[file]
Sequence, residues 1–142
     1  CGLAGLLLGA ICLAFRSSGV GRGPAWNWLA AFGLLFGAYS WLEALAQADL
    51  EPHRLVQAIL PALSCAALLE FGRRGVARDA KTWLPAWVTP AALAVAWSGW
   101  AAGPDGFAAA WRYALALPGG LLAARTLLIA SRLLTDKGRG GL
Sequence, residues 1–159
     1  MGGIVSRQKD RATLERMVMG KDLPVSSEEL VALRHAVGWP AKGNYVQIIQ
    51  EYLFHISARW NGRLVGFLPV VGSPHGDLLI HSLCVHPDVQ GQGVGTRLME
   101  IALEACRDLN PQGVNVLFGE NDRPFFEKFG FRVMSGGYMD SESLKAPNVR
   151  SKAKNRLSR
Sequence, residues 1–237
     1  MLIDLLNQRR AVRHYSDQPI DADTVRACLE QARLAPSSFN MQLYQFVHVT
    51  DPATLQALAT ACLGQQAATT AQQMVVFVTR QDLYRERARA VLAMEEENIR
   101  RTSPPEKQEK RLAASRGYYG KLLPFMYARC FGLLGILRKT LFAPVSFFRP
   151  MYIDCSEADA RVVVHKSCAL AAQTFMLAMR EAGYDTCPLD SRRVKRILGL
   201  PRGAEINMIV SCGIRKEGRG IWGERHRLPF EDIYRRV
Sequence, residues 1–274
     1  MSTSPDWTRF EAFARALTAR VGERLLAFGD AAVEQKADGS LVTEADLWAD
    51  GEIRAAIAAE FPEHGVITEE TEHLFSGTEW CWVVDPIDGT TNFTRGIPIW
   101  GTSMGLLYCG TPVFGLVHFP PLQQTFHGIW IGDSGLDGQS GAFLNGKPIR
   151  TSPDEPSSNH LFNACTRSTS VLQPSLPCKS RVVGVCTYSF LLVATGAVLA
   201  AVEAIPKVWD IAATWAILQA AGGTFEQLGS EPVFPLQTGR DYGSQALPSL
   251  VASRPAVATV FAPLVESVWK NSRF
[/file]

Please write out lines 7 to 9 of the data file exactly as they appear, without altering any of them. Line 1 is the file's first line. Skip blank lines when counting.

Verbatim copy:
    51  EYLFHISARW NGRLVGFLPV VGSPHGDLLI HSLCVHPDVQ GQGVGTRLME
   101  IALEACRDLN PQGVNVLFGE NDRPFFEKFG FRVMSGGYMD SESLKAPNVR
   151  SKAKNRLSR